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Numerous workplace relationships have recently made headline news due to the prominence of the parties and the conduct involved. AFL executives being asked to leave due to romantic encounters with subordinate staff members, politicians suffering from the cold weather loneliness of Canberra, and who can forget the massive public fallout over the CEO of Seven West Media, and his former executive assistant and lover that became a protracted emotion filled litigation where there was no winner.

While employees spend a fair amount of the day together it is only natural to think that more than platonic or professional relationships will form. But has anyone witnessed an argument between a co-working couple, who are no longer so ‘loved up’ play out in the workplace? I have and it’s simultaneously hilarious and shockingly inappropriate and tawdry.

However, the primary concerns are whether such relationships can cause a conflict of interest in the workplace and or if and when things fall apart between a ‘couple’ what are the possible consequences and exposures to the employer? If not handled appropriately such relationships can potentially lead to governance breaches left, right and centre as well as a range of legal exposures.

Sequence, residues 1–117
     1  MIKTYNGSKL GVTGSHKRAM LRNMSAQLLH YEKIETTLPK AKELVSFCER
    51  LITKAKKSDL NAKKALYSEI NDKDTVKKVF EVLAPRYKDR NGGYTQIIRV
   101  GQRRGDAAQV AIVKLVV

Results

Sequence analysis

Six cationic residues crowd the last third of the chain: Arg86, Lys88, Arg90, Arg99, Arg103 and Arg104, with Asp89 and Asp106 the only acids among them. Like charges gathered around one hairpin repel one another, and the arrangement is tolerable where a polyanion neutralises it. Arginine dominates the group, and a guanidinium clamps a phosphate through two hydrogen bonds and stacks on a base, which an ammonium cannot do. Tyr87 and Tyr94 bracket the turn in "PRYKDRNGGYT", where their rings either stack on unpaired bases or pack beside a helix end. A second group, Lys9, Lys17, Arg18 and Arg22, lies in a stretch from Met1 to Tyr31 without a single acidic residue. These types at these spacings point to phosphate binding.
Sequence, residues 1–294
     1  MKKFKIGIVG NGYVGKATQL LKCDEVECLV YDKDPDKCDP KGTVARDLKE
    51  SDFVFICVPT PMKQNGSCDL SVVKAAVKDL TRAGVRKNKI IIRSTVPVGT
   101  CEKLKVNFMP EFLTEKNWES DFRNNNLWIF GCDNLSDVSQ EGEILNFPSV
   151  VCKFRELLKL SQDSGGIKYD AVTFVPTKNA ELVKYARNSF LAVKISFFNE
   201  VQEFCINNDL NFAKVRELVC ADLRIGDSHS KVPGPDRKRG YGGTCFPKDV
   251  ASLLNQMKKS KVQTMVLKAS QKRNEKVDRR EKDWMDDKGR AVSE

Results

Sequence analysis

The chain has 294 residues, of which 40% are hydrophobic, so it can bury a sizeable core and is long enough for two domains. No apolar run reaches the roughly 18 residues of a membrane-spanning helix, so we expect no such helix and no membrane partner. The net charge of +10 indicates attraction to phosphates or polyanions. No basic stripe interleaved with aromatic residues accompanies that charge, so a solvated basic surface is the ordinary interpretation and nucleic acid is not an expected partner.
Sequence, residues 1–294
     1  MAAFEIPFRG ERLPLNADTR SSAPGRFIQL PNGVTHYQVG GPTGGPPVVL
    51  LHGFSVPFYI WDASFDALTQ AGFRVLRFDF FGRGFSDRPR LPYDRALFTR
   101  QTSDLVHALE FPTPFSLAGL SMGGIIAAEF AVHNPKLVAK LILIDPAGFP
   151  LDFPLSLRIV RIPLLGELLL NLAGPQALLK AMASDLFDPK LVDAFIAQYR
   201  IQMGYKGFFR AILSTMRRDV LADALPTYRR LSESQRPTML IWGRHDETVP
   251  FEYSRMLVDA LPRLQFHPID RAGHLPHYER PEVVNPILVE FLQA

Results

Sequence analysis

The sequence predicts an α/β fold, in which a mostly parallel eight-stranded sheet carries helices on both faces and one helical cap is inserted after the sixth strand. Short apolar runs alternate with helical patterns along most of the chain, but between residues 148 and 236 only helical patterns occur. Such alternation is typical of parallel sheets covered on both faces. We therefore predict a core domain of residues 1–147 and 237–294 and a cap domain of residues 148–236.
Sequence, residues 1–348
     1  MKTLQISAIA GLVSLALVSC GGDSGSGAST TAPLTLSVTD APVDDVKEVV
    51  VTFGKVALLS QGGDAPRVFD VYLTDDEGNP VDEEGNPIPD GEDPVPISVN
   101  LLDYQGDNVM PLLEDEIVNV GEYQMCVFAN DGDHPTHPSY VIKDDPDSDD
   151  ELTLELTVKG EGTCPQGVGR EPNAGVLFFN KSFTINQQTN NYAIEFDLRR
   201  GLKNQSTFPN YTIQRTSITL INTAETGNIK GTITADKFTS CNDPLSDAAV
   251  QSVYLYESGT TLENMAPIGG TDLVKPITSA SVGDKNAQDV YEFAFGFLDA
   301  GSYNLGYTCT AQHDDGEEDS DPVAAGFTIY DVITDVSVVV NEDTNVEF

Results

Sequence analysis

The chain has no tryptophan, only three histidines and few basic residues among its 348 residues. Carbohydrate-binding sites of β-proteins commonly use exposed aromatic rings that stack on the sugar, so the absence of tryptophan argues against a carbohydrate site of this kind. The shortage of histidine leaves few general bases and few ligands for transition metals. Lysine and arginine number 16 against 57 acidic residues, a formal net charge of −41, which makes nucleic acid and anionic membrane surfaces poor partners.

A conflict of interest refers to a situation that has the potential to undermine the impartiality of a person because of the possibility of a clash between the person’s self-interest and professional interest. A personal relationship at work can be the basis for a conflict and with adverse outcomes for companies.

Some of the consequences that can arise from personal relationships in the workplace turning sour include:

  • • Potential misconduct warranting disciplinary action due to conflict.
  • • Risk of damage to corporate reputation.
  • • Sexual harassment claims and other grievances.
  • • Having no option but to terminate otherwise productive employees.

There’s a policy for that!

We strongly recommend employers implement an appropriately drafted workplace policy that deals with personal relationships. The policy should define potential conflicts of interest as well as any disclosure requirements and consequences of failing to disclose. Further, such a policy should also work in with your ‘Conduct in the Workplace Policy’ which gives an employee a grievance process to follow should they feel it necessary. The aim is to protect the company so that any unacceptable conduct between co-workers will be treated as potential misconduct that may result in disciplinary action.

If you see the need to address this issue at your workplace, feel free to get in touch with our HR Team to discuss.

Charles Watson


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